• Article 13(2) applies when a party changes its appeal case after the summons to oral proceedings has been notified.66

These three levels of convergence are explained in detail in the following sections. First level of the convergent approach

In a party’s statement of grounds or their reply, the case must be directed to the requests, facts, objections, arguments and evidence on which the decision under appeal was based.67 This is in accordance with the primary objective of the appeal proceedings to review the decision under appeal.

If parts of a party’s appeal case are not directed to the requests, facts, objections, arguments and evidence on which the decision under appeal was based, they are regarded as an “amendment.”68 Two situations must be distinguished. In the first situation, the party presents, in its appeal, a case that is amended in comparison to what it had presented before the department of first instance. For example, a patent proprietor files a new claim request (i.e., a new set of claims) in its appeal, or the opponent submits a new prior art document, which had previously not been brought before the Opposition Division. In such a case, the filing of the new request or document is an amendment of the party’s case and may be admitted only at the discretion of the Board.69 The criteria that the Board may use in the exercise of its discretion are, inter alia, the complexity of the amendment, the suitability of the amendment to address the issues that led to the decision under appeal, and the need for procedural economy.70

In the second situation, the appellant’s case on appeal is not changed in comparison to the case it had presented during the first instance proceedings. However, the department of first instance did not base its decision on what was submitted by the party in the first instance proceedings. The submission on appeal is still regarded as an amendment under Article 12(4) of RPBA 2020. If, for example, the Opposition Division found the patent proprietor’s main claim request to fulfill the patentability criteria of the EPC, it had no reason to address the patent proprietor’s auxiliary requests in its decision. It is also possible that the Opposition Division found the disclosure of one prior art document to be novelty-destroying so that it had no reason to consider a second prior art document on which the opponent relied before the Opposition Division and still relies in its appeal. In such cases, the patent proprietor must demonstrate that the auxiliary requests – and the opponent must demonstrate that the second prior art document – were admissibly raised before the Opposition Division and maintained until the Opposition Division took its decision.71 If the party concerned complies with this obligation, the auxiliary requests and second prior art document will be part of the appeal proceedings and cannot be excluded by the Board.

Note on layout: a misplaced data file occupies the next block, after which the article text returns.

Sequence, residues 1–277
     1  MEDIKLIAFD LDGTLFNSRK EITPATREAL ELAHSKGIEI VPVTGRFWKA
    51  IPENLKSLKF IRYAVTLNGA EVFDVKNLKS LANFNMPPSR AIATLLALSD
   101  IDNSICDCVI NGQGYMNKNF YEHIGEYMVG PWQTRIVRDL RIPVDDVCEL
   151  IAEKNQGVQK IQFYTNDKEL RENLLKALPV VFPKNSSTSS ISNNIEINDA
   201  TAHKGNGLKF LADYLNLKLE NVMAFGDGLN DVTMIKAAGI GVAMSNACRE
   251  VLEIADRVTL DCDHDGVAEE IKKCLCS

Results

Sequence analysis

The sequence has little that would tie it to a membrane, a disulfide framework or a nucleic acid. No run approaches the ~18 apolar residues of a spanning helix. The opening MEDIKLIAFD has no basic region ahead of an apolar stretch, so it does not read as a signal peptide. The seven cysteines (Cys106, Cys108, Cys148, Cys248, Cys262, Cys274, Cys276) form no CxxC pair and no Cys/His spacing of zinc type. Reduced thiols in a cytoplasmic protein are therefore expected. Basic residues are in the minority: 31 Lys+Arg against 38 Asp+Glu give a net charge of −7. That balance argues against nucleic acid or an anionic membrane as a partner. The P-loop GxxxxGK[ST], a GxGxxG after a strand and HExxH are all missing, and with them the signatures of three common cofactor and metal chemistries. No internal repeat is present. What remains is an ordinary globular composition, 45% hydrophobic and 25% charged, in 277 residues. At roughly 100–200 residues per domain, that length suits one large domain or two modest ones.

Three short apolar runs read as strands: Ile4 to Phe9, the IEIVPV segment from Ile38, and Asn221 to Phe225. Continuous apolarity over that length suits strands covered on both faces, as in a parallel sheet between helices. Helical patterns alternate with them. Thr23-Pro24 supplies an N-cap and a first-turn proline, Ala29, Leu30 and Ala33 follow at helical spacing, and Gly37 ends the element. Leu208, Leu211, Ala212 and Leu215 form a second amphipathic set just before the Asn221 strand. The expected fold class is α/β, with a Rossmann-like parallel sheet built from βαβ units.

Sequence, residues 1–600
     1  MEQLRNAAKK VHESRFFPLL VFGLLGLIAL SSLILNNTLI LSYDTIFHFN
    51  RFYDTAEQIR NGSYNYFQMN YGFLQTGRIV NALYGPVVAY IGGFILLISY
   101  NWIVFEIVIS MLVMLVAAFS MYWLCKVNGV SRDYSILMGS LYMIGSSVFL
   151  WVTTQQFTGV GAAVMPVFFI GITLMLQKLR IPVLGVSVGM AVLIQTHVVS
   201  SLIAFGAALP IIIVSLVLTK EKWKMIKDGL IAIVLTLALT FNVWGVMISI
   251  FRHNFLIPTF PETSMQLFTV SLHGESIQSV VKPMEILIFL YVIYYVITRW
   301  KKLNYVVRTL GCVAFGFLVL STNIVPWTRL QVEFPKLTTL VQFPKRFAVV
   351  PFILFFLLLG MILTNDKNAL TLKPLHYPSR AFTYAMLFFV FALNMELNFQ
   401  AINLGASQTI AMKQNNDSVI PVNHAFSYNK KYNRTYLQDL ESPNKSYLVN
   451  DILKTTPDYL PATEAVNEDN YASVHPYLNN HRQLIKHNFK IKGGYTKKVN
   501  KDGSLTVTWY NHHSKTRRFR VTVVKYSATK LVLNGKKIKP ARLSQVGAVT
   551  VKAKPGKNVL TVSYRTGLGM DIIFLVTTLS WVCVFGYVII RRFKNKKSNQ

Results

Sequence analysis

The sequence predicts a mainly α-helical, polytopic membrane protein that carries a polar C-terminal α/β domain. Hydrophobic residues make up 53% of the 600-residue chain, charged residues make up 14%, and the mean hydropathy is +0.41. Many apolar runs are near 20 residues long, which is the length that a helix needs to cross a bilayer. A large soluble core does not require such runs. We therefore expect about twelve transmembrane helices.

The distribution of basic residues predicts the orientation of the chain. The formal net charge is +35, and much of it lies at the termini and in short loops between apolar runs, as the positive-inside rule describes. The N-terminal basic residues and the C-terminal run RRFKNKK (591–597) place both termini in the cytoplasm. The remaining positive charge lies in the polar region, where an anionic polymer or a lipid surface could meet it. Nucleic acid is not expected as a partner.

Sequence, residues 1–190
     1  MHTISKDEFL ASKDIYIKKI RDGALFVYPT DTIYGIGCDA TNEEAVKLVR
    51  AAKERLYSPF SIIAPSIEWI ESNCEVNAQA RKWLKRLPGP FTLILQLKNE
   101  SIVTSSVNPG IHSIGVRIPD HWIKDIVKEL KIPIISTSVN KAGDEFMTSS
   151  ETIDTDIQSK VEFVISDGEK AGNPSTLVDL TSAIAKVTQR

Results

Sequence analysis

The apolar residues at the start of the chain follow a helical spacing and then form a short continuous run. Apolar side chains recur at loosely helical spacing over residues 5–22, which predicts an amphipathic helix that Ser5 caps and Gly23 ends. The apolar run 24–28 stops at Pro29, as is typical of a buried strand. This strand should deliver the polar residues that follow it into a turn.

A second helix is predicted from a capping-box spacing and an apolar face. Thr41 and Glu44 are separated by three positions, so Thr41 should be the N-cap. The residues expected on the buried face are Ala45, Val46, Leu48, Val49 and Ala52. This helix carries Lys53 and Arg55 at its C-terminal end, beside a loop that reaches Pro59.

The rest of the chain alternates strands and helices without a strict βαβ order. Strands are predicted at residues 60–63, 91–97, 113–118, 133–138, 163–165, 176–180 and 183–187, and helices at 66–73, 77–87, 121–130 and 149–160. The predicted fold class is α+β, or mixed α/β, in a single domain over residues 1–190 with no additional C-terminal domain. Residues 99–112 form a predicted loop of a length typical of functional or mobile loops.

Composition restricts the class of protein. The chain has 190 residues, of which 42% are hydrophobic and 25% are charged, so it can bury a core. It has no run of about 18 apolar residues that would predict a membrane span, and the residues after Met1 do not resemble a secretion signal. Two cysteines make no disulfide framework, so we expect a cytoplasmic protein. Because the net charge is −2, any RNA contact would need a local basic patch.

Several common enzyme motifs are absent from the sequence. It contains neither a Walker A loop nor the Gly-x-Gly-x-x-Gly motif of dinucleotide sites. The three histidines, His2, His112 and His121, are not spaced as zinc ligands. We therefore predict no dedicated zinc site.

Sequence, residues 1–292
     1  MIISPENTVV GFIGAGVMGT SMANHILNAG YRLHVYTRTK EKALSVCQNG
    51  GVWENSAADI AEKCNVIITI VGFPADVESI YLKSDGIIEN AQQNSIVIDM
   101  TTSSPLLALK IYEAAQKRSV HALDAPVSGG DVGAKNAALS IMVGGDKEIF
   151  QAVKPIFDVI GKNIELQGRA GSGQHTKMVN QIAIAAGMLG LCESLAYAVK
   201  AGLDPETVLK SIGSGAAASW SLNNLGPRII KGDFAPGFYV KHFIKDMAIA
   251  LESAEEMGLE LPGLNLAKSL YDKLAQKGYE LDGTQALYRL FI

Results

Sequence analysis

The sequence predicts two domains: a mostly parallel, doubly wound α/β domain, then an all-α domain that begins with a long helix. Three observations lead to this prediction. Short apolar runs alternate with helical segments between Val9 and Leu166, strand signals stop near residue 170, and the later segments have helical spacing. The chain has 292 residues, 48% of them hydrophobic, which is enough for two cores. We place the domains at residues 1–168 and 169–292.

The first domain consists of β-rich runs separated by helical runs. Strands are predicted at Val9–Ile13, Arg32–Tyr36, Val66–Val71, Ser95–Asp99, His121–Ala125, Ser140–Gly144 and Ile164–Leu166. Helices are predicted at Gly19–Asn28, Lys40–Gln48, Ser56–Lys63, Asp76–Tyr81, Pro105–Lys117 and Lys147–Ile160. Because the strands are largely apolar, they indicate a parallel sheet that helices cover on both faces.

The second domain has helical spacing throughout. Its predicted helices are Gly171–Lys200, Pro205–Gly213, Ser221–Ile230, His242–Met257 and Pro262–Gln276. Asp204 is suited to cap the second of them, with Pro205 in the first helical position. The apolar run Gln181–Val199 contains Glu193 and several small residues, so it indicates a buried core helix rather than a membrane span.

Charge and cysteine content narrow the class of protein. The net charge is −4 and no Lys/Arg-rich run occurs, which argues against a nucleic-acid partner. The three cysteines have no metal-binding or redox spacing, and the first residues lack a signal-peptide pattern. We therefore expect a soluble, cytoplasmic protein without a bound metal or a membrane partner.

In addition to these two situations, which are governed by Article 12(4) of RPBA 2020, Article 12(5) and (6) of the Rules regulate other typical situations in which a party submission may not be admitted into the appeal proceedings. For example, it is required that the statement of grounds of appeal and the reply thereto clearly and concisely set out the reasons why it is requested that the decision under appeal be reversed, amended or upheld, and it should specify expressly all the requests, facts, objections, arguments and evidence relied upon.72 Any part of the submission not meeting this requirement may not be admitted.73 Moreover, the Board might not admit a request or document if the same request or document was already not admitted by the Opposition Division74 or if a request or document should already have been submitted during the opposition proceedings (or, if they were submitted, no longer maintained).75 Articles 12(5) and (6) of RPBA 2020 are applicable throughout the entire appeal proceedings – that is, they are also applicable at the later levels of the convergent approach.76 Second level of the convergent approach

After the initial exchange of briefs (i.e., the appellant’s statement of grounds of appeal and the respondent’s reply thereto), the second level of the convergent approach commences. If parties amend their appeal case at this stage, they must provide reasons as to why their initial case has been amended and why this has been done only at this stage of the appeal proceedings. All amendments of a party’s appeal case at this stage are subject to the Board’s discretion alone.77

The RPBA 2020 contains a list of possible criteria for applying that discretion. In general, the criteria for this stage are stricter than those at the first level of the convergent approach. The Board may consider, for example, whether the amendment is suitable for resolving the issues raised (at the first level of the convergent approach, it may be sufficient that the amendment “addresses” them) or whether the amendment is detrimental to procedural economy.78

The RPBA 2020 also mentions specific requirements for when the patent or patent application is amended on appeal. In these situations, the applicant or patent proprietor must demonstrate why the amendment, prima facie, overcomes the objections raised so far and does not give rise to new objections (such as a new objection of lack of clarity or added subject matter).79 Third level of the convergent approach